2021-22 record: 20-14, 9-9 in the SEC
Head coach: Todd Golden
Tenure at Florida: 1st season
Career coaching record: 57-36
Home court: Exactech Arena at Stephen C. O'Connell Center
Starters: G Kyle Lofton, G Myreon Jones, G Kowacie Reeves Jr., F Alex Fudge, F Colin Castleton
Bench: G Will Richard, G Trey Bonham, G Riley Kugel, F CJ Felder, C Jason Jitoboh
Overview: Much like its football team, Florida’s basketball team has spent its most recent era trying to recreate the title-winning Goliath it was in the mid-aughts. Like their gridiron counterparts, the hardwood Gators have been steadily getting worse over the past five years. But they do have one thing going for them: a season with a chance of contention.
Florida returns its best player, two-time All-SEC big man Colin Castleton, but sees almost everything else in the program change. The Gators’ head coach and second- and third-leading scorers are all gone, the latter of whom was also the starting point guard. The good news for Florida is that there wasn’t much to lose: Former head coach Mike White led the team to three-straight Round-of-32 exits before getting blown out in the second round of last year’s NIT, and had been the ire of much of the fan base for years; last year’s second-leading scorer ranked in the 36th percentile in true-shooting, while that team’s point guard only had a 1.4 assist-to-turnover ratio.
Replacing that trio and a relatively weak bench unit are head coach Todd Golden, who led San Francisco to a No. 10 seed last March, the No. 84 recruit in shooting guard Riley Kugel, and a host of transfers: Kyle Lofton, a sought-after point guard from St. Bonaventure, who’s a middling scorer but has an excellent career assist-to-turnover ratio; Alex Fudge, who enrolled early at LSU as the No. 57 recruit in the class of 2020 and features a 7-foot wingspan at forward; Trey Bonham, a point guard from VMI, who put up a 59.7% true-shooting in his two years with the Keydets; Will Richard, a sophomore wing from Belmont, who was lethal on the drive last year.
The anticipated changes don’t end there. Two of the team’s projected starters, off-ball guards Myreon Jones and Kowacie Reeves, are expected to perform much better than they did last year; Jones to return to the player who shot around 40% from deep on high volume in his last two seasons at Penn State, and Reeves to build on a strong end to a freshman season that looked more in line with his No. 42 ranking out of high school.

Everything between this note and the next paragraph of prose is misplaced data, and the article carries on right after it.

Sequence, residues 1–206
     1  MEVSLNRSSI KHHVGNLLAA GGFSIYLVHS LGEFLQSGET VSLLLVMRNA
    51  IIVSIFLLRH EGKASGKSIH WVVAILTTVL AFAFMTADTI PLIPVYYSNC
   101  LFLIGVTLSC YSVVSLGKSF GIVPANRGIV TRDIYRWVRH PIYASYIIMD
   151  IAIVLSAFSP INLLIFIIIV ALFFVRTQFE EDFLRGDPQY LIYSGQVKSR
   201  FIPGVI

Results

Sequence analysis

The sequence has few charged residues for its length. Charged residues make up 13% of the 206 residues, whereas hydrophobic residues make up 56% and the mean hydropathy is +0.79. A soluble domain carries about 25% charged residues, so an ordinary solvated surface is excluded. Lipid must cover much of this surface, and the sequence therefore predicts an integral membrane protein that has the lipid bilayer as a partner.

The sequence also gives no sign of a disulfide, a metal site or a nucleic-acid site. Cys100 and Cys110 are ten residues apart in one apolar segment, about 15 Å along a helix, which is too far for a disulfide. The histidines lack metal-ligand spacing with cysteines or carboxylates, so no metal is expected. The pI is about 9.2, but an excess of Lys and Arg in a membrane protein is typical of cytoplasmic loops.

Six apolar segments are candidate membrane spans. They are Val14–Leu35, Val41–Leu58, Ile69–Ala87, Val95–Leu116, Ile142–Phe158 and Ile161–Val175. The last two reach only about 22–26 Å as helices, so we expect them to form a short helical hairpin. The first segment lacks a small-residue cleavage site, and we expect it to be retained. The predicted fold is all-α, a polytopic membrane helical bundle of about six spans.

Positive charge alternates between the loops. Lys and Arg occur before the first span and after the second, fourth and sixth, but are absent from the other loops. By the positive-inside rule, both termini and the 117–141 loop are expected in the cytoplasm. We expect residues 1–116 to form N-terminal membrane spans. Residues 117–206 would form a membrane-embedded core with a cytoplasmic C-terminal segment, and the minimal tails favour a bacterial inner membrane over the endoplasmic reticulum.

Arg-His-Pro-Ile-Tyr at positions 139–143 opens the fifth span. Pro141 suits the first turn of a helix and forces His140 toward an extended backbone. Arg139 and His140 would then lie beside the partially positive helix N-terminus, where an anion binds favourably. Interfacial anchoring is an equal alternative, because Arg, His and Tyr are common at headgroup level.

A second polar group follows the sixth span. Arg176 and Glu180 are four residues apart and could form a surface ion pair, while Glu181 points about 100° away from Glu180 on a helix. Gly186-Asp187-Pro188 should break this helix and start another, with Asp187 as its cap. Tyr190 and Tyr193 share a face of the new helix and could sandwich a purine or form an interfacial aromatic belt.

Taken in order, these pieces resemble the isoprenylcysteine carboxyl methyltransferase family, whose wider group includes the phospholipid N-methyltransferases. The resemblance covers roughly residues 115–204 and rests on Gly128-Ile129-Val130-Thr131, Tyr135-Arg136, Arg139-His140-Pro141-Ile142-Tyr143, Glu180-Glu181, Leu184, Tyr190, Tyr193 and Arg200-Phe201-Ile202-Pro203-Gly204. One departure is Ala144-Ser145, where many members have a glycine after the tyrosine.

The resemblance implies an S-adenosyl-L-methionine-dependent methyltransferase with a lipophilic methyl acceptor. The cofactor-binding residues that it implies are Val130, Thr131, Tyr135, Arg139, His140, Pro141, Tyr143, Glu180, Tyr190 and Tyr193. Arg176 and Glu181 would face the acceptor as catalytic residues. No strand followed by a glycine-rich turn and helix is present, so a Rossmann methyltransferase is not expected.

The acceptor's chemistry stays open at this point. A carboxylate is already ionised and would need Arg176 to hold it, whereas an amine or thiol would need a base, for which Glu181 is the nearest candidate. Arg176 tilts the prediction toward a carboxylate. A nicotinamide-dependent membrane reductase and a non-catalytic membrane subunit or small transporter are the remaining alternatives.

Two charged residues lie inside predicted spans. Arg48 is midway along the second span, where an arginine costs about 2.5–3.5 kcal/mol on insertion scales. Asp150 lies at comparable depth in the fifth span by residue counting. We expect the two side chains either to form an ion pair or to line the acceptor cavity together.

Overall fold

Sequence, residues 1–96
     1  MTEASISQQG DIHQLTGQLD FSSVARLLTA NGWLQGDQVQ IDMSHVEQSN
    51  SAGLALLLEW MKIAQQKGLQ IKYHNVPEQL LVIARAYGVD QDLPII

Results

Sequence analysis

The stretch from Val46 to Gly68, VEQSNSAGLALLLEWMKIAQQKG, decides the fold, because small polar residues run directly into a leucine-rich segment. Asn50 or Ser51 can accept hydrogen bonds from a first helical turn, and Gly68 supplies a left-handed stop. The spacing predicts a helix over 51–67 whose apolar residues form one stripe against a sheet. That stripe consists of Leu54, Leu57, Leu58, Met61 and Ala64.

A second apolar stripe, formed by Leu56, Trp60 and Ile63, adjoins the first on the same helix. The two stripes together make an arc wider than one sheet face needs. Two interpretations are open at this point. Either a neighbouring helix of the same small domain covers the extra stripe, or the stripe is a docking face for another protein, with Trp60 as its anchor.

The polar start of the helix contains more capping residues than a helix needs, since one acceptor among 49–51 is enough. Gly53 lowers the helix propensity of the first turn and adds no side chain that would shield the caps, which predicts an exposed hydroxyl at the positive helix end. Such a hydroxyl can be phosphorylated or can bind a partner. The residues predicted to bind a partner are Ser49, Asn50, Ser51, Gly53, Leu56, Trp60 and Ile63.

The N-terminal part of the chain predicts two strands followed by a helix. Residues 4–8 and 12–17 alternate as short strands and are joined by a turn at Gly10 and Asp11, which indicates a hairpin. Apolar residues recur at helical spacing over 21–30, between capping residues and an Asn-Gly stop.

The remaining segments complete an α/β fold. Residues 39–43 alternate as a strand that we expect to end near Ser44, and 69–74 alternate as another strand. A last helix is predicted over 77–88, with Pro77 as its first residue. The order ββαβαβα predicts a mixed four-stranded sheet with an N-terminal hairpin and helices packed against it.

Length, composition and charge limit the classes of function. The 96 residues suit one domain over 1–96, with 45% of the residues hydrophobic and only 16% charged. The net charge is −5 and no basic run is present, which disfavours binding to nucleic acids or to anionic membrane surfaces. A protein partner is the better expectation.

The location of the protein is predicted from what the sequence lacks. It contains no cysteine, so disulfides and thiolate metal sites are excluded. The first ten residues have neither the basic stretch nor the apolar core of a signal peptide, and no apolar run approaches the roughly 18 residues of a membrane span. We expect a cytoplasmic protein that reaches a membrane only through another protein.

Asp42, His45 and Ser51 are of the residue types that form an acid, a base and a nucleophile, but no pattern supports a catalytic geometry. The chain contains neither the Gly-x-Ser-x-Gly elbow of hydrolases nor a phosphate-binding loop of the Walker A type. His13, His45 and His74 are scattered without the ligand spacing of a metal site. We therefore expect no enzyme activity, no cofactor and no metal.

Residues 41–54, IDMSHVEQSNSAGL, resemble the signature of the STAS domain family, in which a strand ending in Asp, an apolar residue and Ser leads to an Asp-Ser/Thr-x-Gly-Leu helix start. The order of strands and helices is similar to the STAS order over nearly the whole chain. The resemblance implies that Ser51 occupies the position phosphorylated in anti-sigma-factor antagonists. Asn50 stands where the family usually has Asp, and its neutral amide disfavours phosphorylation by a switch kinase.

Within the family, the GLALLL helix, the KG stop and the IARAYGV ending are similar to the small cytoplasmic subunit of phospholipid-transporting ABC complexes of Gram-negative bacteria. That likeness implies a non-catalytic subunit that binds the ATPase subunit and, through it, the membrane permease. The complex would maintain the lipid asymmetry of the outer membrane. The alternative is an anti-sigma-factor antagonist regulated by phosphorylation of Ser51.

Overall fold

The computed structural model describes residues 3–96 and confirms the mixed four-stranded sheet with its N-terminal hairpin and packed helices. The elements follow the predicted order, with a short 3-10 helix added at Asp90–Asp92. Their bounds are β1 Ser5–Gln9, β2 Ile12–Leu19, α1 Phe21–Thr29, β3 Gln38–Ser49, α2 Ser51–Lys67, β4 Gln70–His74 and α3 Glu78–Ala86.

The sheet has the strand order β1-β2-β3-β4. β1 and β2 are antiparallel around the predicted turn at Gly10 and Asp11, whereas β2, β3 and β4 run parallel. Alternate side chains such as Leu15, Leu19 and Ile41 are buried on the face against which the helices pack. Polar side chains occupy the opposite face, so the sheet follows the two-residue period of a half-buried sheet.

Team ceiling: Florida’s ceiling is the roof. If the upperclassmen transfers play as well as they have to date, Fudge makes a sophomore leap to live up to his recruiting ranking, and Jones and Reeves live up to expectations, the Gators could have a four-out offense with great shooters one-through-four and a three-time All-SEC selection at the five, and very good defense at multiple guard spots and in the paint. That kind of team spanning a nine-player rotation? That’s a team that can make a lot of noise in March.
Team floor: On the other hand, transfer-heavy teams did not do especially well last season. And there is a good reason for that: creating a cohesive team both on the court and in the locker is difficult, and it’s even harder when you are working with players who have been playing in different systems in different cultures for years. Add in the fact that Florida is counting on multiple bounce-back years, underclassmen leaps, and transfers from lesser conferences maintaining their level of play, and the Gators’ floor could make fans pine for the Mike White days.
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